“Life is not easy for any of us. But what of that? We must have perseverance and above all confidence in ourselves. We must believe that we are gifted for something and that this thing must be attained.” -Marie Curie
Chemist Marie Curie
Born Maria Sklodowska on November 7, 1867, in Warsaw, Poland, Marie Curie became the first woman to win a Nobel Prize and the only woman to win the award in two different fields (physics and chemistry). Curie’s efforts, with her husband, Pierre Curie, led to the discovery of polonium and radium and, after Pierre’s death, the development of X-rays. She died on July 4, 1934 from aplastic anemia, believed to have been contracted from her long-term exposure to radiation.
A top student in her secondary school, Curie could not attend the men-only University of Warsaw. She instead continued her education in Warsaw’s “floating university,” a set of underground, informal classes held in secret. Both Curie and her sister Bronya dreamed of going abroad to earn an official degree, but they lacked the financial resources to pay for more schooling. Undeterred, Curie worked out a deal with her sister. She would work to support Bronya while she was in school and Bronya would return the favor after she completed her studies.
Conducting her own experiments on uranium rays, she discovered that the rays remained constant, no matter the condition or form of the uranium. Marie theorized that the rays came from the element’s atomic structure. That theory created the field we now call atomic physics and it began with what she termed radioactivity.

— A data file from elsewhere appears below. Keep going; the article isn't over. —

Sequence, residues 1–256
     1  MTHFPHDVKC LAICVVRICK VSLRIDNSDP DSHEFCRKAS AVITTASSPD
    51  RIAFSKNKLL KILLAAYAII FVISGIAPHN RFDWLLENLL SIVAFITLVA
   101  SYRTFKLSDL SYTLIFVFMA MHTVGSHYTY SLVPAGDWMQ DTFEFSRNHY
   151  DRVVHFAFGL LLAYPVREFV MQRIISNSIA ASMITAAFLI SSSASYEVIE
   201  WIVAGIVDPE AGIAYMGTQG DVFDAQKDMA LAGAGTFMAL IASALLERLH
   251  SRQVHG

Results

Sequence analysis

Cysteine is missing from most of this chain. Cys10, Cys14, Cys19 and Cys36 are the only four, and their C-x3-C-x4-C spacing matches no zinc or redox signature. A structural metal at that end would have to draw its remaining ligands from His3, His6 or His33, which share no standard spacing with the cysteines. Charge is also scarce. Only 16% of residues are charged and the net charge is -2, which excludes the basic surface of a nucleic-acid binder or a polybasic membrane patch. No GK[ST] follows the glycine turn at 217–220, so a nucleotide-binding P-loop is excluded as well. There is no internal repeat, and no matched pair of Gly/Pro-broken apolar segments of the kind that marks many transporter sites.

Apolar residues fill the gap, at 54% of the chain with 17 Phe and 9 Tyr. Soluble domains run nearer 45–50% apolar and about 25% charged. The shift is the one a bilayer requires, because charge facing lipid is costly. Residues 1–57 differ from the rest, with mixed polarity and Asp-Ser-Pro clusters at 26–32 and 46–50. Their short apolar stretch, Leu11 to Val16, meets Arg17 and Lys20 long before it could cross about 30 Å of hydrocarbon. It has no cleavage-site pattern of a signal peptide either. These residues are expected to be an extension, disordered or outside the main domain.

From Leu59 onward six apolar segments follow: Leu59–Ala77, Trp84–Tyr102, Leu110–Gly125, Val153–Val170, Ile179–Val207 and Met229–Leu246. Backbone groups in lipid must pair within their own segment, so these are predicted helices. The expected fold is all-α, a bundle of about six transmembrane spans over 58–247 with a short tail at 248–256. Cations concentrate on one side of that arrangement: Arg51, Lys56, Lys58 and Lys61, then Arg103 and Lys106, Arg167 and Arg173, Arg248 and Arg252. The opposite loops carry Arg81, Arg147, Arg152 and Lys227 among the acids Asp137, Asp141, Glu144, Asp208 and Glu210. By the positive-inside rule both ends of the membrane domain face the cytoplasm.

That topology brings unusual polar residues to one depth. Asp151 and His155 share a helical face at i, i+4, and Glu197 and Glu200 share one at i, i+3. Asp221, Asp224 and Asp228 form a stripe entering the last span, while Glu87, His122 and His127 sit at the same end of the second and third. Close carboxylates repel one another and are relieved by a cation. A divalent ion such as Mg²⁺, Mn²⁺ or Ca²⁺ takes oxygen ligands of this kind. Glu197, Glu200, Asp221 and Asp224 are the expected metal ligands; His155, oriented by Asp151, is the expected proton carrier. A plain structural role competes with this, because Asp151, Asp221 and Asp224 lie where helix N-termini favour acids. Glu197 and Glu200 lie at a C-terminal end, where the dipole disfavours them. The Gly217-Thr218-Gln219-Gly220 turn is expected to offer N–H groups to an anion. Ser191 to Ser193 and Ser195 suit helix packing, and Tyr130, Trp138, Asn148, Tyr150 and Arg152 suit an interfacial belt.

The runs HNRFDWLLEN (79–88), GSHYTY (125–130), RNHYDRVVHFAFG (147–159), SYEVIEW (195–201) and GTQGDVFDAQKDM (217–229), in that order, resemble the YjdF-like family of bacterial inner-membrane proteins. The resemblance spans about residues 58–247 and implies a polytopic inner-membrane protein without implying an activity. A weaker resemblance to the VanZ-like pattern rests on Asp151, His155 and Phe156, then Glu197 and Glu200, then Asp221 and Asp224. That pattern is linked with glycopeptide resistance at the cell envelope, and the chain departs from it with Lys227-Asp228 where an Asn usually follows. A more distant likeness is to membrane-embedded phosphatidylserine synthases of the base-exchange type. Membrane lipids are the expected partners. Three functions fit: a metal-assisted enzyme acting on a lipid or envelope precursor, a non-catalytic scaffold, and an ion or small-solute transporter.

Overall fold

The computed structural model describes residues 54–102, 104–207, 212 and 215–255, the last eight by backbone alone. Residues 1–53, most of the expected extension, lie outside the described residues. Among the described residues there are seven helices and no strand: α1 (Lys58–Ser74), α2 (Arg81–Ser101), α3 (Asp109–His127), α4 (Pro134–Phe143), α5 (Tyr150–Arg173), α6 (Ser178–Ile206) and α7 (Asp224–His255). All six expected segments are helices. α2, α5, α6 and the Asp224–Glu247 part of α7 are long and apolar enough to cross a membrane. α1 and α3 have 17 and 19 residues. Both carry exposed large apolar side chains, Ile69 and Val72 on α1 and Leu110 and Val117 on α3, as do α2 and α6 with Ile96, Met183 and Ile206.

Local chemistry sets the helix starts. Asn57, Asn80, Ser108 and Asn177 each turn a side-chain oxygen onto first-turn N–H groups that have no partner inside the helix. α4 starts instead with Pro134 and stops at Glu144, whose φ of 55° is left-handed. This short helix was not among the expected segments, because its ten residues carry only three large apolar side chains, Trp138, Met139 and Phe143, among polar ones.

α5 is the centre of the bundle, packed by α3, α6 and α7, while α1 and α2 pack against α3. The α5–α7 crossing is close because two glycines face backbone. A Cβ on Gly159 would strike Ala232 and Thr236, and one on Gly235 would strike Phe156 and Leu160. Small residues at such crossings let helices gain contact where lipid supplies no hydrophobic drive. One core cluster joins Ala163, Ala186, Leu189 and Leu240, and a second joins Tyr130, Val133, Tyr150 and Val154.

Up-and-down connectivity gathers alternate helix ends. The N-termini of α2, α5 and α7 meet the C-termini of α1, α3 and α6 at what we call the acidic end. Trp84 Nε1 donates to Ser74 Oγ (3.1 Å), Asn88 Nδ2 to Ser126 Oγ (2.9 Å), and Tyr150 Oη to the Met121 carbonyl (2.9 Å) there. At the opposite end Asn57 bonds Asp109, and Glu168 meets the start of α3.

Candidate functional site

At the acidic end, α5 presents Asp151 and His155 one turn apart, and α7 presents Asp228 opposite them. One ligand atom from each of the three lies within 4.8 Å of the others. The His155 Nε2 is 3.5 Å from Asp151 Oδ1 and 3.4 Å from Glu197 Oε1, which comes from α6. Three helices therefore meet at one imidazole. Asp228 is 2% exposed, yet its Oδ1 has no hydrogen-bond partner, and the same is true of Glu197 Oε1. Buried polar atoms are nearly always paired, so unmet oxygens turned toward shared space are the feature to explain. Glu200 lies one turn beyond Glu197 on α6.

Her career contributions to science are innumerable and she is often described as the most important female scientist in history. She shared her love of science with her children, as her father had shared with her. One daughter, Irène Joliot-Curie also went on to win a Nobel Prize for her and her husbands continued studies of uranium.
She was a woman. She was a daughter. She became a mother. Marie was a sister, a friend, a wife , a teacher AND a scientist. She propelled research forward by her strength of mind, strong will AND her compassion. We follow in her footsteps, balancing our own aspirations with our lives and leading our children until they are able to outrun us. Marie was an example of all a woman can be and all that women can accomplish when set upon the path less traveled. May we walk in her footsteps in our own ways and continue to create the paths she began.

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